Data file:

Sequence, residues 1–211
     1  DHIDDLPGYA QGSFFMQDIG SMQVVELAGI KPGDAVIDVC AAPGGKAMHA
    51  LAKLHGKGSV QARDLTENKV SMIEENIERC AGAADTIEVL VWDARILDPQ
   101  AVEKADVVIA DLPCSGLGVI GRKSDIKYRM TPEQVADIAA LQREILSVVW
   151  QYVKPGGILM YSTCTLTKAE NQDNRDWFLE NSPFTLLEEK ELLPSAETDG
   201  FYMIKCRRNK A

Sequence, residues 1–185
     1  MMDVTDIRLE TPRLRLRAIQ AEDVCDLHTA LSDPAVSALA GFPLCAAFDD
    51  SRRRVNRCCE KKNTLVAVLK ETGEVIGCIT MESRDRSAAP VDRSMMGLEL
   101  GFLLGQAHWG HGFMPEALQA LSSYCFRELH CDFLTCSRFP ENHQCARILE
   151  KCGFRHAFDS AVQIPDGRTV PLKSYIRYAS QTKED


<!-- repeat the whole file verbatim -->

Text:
Sequence, residues 1–211
     1  DHIDDLPGYA QGSFFMQDIG SMQVVELAGI KPGDAVIDVC AAPGGKAMHA
    51  LAKLHGKGSV QARDLTENKV SMIEENIERC AGAADTIEVL VWDARILDPQ
   101  AVEKADVVIA DLPCSGLGVI GRKSDIKYRM TPEQVADIAA LQREILSVVW
   151  QYVKPGGILM YSTCTLTKAE NQDNRDWFLE NSPFTLLEEK ELLPSAETDG
   201  FYMIKCRRNK A

Sequence, residues 1–185
     1  MMDVTDIRLE TPRLRLRAIQ AEDVCDLHTA LSDPAVSALA GFPLCAAFDD
    51  SRRRVNRCCE KKNTLVAVLK ETGEVIGCIT MESRDRSAAP VDRSMMGLEL
   101  GFLLGQAHWG HGFMPEALQA LSSYCFRELH CDFLTCSRFP ENHQCARILE
   151  KCGFRHAFDS AVQIPDGRTV PLKSYIRYAS QTKED